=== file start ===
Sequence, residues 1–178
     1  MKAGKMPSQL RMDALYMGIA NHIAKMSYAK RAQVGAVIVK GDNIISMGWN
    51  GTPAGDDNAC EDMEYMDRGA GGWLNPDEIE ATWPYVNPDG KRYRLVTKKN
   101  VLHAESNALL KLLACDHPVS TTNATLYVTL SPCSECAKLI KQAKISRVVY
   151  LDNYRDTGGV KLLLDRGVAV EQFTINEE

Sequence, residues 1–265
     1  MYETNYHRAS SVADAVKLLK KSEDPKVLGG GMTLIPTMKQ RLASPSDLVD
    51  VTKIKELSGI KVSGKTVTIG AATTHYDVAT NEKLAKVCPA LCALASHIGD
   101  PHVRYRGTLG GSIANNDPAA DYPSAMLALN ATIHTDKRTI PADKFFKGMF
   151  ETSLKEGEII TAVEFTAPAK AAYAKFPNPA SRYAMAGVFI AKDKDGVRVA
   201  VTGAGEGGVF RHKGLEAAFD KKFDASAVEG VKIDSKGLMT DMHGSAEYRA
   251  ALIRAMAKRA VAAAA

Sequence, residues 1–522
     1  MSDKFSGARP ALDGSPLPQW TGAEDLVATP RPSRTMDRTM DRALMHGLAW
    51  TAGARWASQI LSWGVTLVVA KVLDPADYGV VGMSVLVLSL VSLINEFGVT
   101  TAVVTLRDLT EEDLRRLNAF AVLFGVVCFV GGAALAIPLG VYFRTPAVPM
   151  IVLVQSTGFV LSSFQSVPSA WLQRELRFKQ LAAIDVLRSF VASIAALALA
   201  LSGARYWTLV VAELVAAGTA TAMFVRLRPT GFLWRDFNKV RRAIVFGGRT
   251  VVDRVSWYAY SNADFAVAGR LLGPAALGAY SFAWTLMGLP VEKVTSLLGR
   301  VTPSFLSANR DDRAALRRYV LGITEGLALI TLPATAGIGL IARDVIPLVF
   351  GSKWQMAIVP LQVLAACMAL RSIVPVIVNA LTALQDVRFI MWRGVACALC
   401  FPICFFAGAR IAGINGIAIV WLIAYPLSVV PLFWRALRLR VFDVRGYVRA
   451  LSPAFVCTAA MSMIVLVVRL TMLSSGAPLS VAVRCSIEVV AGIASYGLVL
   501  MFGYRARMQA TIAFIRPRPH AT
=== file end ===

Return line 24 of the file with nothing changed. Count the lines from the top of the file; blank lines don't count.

   501  MFGYRARMQA TIAFIRPRPH AT